Documents that show the provincial government has known for more than a year about serious problems with its meat-inspection system left Premier Ernie Eves dodging yet another food-safety scandal yesterday.
An April, 2002, report prepared by the Agriculture Ministry says meat inspections are outdated and inadequate. It contained results of an inventory of free-standing meat plants which found "the majority of the plants had deficiencies in sanitation, pest control, and food-safety practices."
Mr. Eves denied that the system has any flaws. He had never seen the document before it appeared in yesterday's Toronto Star, he said, describing it as a draft cabinet submission that has not yet been tabled.
"There is nothing wrong with the system. The meat is safe," Mr. Eves said during a campaign stop in Stoney Creek, Ont.
But some of the meat is not safe, according to the documents, which estimate that about 13 deaths and over 60,000 cases of illness in Ontario were caused by contaminated poultry, beef, pork and other meats in 2002.
The number of food-poisoning cases is growing, the report said, and the current system "is unable to respond to current issues."
Meat safety is a touchy subject for the Conservatives. The government was criticized by the provincial auditor two years ago after it fired most meat inspectors and gave the job to part-time contractors.
Last month, health authorities ordered a recall of all meat processed by a plant near Aylmer, Ont., after allegations surfaced that it was processing animals that were already dead. Investigators are still examining whether the Aylmer meat caused stomach illnesses in 50 people.
Confronted about the 2002 documents, Mr. Eves offered a rambling response in which his voice occasionally faltered. He alluded to standards that the province has already established and said the documents were prepared as part of an effort to enforce them.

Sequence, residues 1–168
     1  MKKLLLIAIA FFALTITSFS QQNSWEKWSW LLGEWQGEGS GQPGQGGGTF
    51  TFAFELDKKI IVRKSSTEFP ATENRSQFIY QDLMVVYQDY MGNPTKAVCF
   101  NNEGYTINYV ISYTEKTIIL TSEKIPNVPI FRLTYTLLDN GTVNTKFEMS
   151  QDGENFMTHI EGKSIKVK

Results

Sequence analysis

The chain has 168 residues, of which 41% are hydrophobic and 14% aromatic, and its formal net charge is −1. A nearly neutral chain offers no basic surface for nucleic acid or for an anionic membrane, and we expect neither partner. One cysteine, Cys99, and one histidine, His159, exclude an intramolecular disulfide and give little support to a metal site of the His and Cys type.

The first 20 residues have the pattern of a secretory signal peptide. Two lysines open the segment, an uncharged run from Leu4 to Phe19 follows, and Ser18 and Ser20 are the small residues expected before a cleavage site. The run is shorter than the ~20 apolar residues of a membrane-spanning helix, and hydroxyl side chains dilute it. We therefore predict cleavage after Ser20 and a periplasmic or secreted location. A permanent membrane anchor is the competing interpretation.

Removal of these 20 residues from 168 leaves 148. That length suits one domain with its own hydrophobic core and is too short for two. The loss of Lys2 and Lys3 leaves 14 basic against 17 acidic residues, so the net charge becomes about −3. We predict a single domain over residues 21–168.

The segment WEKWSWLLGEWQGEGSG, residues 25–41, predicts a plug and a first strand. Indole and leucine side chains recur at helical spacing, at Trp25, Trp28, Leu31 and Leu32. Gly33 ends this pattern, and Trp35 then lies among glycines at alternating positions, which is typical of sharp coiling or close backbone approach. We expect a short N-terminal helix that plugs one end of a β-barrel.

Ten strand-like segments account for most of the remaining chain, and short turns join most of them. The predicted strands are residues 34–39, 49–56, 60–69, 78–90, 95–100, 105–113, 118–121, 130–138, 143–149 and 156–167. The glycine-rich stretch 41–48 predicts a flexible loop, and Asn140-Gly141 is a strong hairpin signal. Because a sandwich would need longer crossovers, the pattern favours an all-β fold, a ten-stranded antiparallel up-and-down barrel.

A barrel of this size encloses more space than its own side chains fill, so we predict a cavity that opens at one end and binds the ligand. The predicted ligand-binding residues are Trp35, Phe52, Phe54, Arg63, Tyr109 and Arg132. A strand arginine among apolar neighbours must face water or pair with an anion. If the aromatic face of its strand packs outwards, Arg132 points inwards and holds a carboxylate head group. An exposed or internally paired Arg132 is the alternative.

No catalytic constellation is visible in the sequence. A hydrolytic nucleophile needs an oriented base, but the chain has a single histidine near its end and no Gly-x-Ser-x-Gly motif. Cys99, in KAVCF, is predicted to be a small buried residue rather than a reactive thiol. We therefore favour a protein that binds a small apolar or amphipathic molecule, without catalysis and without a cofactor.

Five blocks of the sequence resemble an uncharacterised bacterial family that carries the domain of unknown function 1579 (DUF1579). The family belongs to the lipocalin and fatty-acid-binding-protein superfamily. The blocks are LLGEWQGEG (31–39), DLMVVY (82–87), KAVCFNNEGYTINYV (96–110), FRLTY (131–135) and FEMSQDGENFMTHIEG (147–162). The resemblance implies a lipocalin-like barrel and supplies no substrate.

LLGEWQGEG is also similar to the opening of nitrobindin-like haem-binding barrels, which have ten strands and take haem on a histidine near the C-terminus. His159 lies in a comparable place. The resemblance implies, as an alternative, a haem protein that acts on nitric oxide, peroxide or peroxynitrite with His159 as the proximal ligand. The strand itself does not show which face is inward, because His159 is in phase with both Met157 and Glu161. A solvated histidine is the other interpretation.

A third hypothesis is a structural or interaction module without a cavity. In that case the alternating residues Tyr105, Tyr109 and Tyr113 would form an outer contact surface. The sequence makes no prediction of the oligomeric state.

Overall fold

"We do have a very good system that protects the public in this province," Mr. Eves said. "Not to say that it can't be made better, that it shouldn't be made better. We took the initiative back and started in 1998, and worked through to legislation in 2001 and regulations to implement that legislation of which this policy recommendation, coming from various ministries into the Ministry of Agriculture and Food. Eventually we will get there."
Such analysis from bureaucrats is not unusual, Mr. Eves added: "I want to emphasize that every single day, of every single week, of every single year, in government, there are documents like this one in every single ministry - several times over, if you take a large ministry like health or education," Mr. Eves said, chuckling. "There might be 10, 20 of these documents every day."
The meat scandal fits a pattern of Conservative service cuts that risk lives, NDP Leader Howard Hampton said in a news release.
"Ernie Eves took this report and hid it in a drawer," Mr. Hampton said. "By doing nothing, he put lives at risk. He rolled the dice and, again, gambled with people's lives."
Fresh from signing a pledge not to raise taxes, Liberal Leader Dalton McGuinty said yesterday that the new revelations about tainted meat paint a frightening picture of public safety in the province.
"It's really bad news for the people of Ontario, and it emphasizes the need for Ontario voters to carefully consider their choices in this election," Mr. McGuinty said on a campaign stop in Toronto. A day earlier his buses had visited three areas of the province where people have been threatened by a compromised environment, including Walkerton, where seven people died three years ago after drinking tainted water.
In all of those instances, the Liberals argue that the Conservatives ignored their responsibility to protect public health.
"We've seen this movie before," Mr. McGuinty said. "We've had a document that has been submitted to the Tory caucus on the matter of cuts to the Ministry of the Environment. And that document specifically provided that those cuts would endanger public health."
Those cuts were ultimately cited as directly contributing to the Walkerton disaster.
In that community, the people "paid the highest price for this government's failure to uphold public safety," he said.
"And now we learn that they have failed to learn from those painful lessons, another cabinet document that specifically described what's going to happen if we fail to take the steps to protect public safety."
The Liberals, said Mr. McGuinty, will invest in those kinds of services that people count on, "like upholding public safety, like making sure you've got enough meat inspectors on the job." With a report from Gloria Galloway